Readers comments 11-20-20
New COVID restrictions
On November 18, a story about rising COVID cases was posted. I enjoyed it and appreciated the information regarding L.A. County’s new restrictions—that being said, I think it’s undeniable that there are many more restrictions to come. Now more than ever, it looks like we will be fully closing down once again. Especially as travel drastically increases for the holidays.
Experts are expecting a rise in COVID-19 cases after the holiday season begins, and it is no surprise as to why. Holiday travel is going to cause a tremendous amount of extended periods of interaction between people: on planes, in stores, in homes. Not to mention, Thanksgiving is largely based around food—and no one wears masks while eating. COVID cases have been spiking at an exponential rate the last few weeks, and I believe that after Thanksgiving, the increased number of cases will be high enough that we will be forced to completely close down again.
As much as anyone else, I am tired of staying inside and I miss my loved ones. Part of what makes this season so beautiful is that many of our responsibilities take a bit of a break, but an even more precious part is that we get to see our friends and family. However, I sincerely hope that those planning trips will consider the impact that it could have on other people and their communities: one trip will never be worth the life of another person.
Black Lives Matter sign
John Pixley writes in his column that, “It says something when one is the only one on the block to have a BLM sign.” I’m curious to know what, exactly, he thinks this says?
I am the only one on my block to have a Black Lives Matter sign. And I have driven down streets in Claremont where they’re in front of almost every house.
I was eight when I learned about the Holocaust. Being a half Jewish, half Mexican kid it was extremely worrisome to me. I asked my stepfather, a Black man, if the Nazis would someday come for me, too. He explained to my young self that if they did, he would be there to protect me from them, and my father would be right next to him.
For me, displaying a Black Lives Matter sign means I have my stepfather’s back.
Just like he had mine all those years ago.
Good-bye La Puerta Sports Park
One to two acres of the La Puerta Sports Park on North Indian Hill Boulevard have been added to Trumark Homes’ acquisition of the Forbes-La Puerta property from CUSD for the purpose of building a road on this added acreage to allow Trumark to complete their plan to build 65 two-story houses (4 per lot), and 9 ADUs. This plan of added acreage approved by the board of education breaks the 99-year lease, signed January 23, 1979, by the city and CUSD. The original 99-year lease was/is still on file at city hall as of July 29, 2020, with no changes. There are still 58 years left on this lease. Has the city been informed?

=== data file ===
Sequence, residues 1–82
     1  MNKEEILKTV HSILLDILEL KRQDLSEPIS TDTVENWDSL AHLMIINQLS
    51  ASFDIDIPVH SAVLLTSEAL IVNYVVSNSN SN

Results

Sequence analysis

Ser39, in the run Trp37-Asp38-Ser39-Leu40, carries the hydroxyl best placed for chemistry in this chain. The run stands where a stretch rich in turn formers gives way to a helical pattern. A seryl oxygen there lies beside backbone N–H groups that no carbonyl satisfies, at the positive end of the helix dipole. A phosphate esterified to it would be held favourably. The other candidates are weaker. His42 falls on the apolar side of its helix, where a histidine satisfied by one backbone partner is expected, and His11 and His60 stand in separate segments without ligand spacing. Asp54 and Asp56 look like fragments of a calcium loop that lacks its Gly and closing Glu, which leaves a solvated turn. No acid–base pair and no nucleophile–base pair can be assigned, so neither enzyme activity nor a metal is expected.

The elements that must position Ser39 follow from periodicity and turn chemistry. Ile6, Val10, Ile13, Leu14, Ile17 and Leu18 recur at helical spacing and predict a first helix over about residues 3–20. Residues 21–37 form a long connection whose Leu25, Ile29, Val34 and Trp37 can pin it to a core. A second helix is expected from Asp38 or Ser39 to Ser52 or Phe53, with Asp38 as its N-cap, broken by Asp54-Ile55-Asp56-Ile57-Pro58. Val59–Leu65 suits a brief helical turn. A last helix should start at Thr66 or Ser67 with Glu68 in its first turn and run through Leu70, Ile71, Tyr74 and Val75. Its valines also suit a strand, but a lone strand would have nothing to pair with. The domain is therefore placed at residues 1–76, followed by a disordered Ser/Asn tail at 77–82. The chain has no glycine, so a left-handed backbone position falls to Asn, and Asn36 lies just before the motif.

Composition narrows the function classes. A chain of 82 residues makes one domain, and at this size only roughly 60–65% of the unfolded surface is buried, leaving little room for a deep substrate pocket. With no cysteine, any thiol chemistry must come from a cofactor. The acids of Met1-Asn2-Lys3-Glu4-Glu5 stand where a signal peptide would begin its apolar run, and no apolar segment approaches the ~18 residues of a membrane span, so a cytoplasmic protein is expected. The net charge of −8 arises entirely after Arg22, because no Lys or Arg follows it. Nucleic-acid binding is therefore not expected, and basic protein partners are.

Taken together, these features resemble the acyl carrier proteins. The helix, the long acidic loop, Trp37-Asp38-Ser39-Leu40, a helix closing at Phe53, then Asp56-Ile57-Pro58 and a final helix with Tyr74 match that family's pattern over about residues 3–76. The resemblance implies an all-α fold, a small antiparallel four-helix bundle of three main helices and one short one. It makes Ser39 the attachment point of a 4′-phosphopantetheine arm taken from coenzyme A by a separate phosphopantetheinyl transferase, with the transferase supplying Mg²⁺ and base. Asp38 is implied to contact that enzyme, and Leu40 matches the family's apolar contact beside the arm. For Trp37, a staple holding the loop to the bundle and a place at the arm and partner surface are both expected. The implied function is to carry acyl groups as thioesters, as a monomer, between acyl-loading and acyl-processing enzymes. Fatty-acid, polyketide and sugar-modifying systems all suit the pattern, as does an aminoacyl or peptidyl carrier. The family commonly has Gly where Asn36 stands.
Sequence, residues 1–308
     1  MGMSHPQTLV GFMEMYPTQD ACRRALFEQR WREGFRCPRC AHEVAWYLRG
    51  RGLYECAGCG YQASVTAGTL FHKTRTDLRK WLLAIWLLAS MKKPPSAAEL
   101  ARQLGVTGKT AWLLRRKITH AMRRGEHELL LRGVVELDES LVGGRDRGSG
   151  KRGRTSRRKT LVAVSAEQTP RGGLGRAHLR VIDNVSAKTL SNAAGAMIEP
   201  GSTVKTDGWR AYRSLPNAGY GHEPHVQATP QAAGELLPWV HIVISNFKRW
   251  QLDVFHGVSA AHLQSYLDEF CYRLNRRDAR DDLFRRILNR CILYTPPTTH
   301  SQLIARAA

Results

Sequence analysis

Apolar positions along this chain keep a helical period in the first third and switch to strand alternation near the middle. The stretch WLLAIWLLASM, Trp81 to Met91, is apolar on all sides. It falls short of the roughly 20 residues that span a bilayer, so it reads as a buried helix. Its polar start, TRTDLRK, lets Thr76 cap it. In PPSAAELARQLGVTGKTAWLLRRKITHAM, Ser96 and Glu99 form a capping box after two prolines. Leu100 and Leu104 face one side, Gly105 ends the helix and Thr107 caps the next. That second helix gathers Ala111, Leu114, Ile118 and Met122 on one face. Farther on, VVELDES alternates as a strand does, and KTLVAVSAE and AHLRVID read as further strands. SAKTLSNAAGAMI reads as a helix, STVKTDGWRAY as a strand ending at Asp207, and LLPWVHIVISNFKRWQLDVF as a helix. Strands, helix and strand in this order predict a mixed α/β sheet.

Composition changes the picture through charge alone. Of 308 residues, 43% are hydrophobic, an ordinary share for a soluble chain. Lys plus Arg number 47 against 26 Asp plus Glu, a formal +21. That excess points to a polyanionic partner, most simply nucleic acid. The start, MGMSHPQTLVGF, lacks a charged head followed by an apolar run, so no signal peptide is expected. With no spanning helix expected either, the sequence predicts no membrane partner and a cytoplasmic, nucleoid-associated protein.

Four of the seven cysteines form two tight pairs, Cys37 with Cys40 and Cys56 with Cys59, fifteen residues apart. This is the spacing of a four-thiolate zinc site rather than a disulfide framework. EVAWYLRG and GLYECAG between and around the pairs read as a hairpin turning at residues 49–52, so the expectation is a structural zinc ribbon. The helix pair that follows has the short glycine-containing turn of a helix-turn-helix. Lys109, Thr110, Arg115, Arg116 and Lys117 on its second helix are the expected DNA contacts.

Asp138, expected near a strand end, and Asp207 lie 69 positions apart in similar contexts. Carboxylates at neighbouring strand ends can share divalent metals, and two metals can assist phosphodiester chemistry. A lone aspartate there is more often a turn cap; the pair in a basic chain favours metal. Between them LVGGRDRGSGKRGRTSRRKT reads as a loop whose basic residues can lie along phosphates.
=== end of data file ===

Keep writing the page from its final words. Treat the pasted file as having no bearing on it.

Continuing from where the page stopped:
An onsite review of the park concurs that both softball fields would be demolished beyond repair for regulation games usage. The T-Mobile cell tower underground vault, next to the ball fields, would be in jeopardy. The resizing of the park also eliminates the two regulation full-size soccer fields. Coaches from the softball league and AYSO confirm they have not been informed of possible changes. T-Mobile has not been informed.
There are many open questions: When did the CUSD Board of Education authorize the selling and destruction of the park? When did the CUSD board authorize the unilateral breaking of a 99-year lease? Does the CUSD Board of Education know what their staff is doing?
A review of the amendments to the sale contract between CUSD and Trumark Homes includes verbiage that is disconcerting and questionable—in addition, their exhibits are blank. Because CUSD “owns” the La Puerta Sports Park property, they may permit Trumark to run a road from Indian Hill Boulevard to the Forbes property along the north or south soccer fields, thus, one regulation soccer field would be ruined for play. This will also destroy the many trees planted 40 years ago to protect neighbors from noise and lights. A logical reason for this permitted roadway would be because Indian Hill Boulevard would be the street used by the developer, since the development houses are modular and transporting them will need a street wide enough and structurally built for heavier vehicles/trucks. Forbes is a 2-lane residential street, not conducive for wide, heavy equipment trucks.
Summation: (A) The loss of the La Puerta Sports Park and any part of it that has existed for over 40 years would be catastrophic for Claremont families and children. Sports clubs/organizations and over 10,000 children in the past 41 years have relied on sports arenas that our city provides. (B) The legality of one party changing the 99-year lease is questionable.
Thank you for all the support
I would like to take this opportunity to thank the many community members who supported my campaign over the last six months. Thank you to the Claremonters who engaged in my campaign by endorsing me, writing encouraging notes, donating, and sharing their ideas and concerns for Citrus College. With a record number of Claremont candidates, in addition to an already long ballot, its commendable that so many people participated in the political process. If you consider all the candidates running and the many community and committee members supporting them, there was a lot of civic engagement that our town should be proud of.